Countervailing Coordination Rights in the News Sector Are Good for the Public (A Response to Professor Yun) By Sanjukta Paul & Hal Singer1
Professor John Yun’s recent CPI Column addressing Reps. Cicilline’s and Collins’ proposed Journalism Competition and Preservation Act (“JCPA”) as legalizing “news media cartels” is a virtually perfect document of the reflexivity of modern antitrust’s condemnation of horizontal coordination beyond firm boundaries. This rigidity results in an accommodation of dominance by a few powerful tech firms. If anything, the JCPA does not go far enough to liberalize coordination among newspaper publishers and other “news content creators” to benefit a healthy news ecosystem, although it would be a step in the right direction.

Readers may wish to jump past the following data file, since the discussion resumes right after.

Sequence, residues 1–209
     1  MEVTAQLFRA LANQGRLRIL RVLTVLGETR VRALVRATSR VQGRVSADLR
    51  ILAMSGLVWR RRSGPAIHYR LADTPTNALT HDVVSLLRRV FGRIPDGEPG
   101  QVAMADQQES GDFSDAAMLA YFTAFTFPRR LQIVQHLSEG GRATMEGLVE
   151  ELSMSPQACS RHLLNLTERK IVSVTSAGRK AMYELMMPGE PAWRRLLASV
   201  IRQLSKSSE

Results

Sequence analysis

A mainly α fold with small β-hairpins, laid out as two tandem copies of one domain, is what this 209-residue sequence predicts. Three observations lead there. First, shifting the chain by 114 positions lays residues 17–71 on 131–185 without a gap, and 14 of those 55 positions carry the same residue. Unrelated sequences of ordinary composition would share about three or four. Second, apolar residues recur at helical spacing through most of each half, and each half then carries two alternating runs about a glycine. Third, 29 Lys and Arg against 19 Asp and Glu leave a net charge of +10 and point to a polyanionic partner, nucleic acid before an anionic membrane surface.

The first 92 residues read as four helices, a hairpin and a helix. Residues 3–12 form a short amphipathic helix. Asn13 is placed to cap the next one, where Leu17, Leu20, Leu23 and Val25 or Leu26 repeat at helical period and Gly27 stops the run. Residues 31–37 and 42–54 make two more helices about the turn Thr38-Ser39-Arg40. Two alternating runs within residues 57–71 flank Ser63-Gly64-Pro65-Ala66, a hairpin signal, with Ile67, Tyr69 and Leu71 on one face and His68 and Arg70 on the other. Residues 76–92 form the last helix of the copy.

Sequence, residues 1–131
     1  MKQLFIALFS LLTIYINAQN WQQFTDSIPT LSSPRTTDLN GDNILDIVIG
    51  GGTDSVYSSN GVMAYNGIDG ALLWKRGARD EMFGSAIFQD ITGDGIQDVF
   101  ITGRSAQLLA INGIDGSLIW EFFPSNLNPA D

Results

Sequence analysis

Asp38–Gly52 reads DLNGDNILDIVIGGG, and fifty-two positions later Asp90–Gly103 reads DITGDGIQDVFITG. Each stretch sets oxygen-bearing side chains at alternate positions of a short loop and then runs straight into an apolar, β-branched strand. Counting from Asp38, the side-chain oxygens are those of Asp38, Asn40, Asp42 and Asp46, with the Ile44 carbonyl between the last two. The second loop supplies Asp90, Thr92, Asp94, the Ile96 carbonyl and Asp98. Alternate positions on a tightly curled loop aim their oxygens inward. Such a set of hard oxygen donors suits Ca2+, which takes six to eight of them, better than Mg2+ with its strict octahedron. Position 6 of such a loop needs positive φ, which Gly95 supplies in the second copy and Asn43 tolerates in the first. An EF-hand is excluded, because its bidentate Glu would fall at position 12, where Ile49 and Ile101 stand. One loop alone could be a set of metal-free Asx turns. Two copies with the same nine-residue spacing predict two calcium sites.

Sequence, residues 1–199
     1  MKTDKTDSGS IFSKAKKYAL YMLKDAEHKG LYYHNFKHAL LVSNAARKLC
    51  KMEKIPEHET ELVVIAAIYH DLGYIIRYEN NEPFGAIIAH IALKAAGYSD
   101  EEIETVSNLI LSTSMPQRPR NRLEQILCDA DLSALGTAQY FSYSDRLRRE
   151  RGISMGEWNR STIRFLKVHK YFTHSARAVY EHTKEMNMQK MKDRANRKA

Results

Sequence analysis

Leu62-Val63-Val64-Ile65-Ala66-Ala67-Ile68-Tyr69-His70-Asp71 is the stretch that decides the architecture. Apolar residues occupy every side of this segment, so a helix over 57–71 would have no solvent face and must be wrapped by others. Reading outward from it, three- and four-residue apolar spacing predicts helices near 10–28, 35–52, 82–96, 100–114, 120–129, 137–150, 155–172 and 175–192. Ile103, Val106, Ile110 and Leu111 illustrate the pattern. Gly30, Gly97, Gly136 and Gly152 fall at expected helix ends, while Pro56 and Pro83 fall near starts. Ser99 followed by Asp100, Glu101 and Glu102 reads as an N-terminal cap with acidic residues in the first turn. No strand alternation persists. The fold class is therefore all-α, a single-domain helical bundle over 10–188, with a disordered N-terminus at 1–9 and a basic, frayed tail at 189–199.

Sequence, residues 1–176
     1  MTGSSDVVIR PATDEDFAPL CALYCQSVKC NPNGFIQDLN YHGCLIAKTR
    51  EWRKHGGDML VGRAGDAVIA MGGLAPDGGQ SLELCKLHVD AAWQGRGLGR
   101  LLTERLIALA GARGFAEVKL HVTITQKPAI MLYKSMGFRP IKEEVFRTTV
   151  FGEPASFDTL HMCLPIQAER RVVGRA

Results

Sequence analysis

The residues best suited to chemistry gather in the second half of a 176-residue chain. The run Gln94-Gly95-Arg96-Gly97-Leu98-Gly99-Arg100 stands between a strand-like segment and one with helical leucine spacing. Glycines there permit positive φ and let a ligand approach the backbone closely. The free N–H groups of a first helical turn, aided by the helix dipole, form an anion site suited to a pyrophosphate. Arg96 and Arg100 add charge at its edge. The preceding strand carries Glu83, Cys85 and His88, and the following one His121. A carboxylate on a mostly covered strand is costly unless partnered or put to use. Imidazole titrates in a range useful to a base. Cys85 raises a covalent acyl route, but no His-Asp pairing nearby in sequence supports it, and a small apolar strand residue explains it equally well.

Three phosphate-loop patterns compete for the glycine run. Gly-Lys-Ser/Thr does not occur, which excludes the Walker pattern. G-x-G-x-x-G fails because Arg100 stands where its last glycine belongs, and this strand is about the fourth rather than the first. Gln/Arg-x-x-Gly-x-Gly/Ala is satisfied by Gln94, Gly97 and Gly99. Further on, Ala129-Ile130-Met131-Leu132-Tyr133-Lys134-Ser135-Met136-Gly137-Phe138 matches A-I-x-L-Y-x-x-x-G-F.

The key factual findings upon which the bill is based are three. First, according to a Pew survey, most Americans get news from a handful of online platforms, whether a search engine (Google) or a social media platform (Facebook or Google’s YouTube). Second, dominant platforms typically dictate the terms of the relationships between themselves and news content creators, both in terms of splitting advertising revenues and in terms of the conditions under which readers will see certain content in the first place. Third, newspapers’ and other news outlets’ revenues have fallen drastically during the same period that their audiences have increasingly transitioned to reading online. Except f…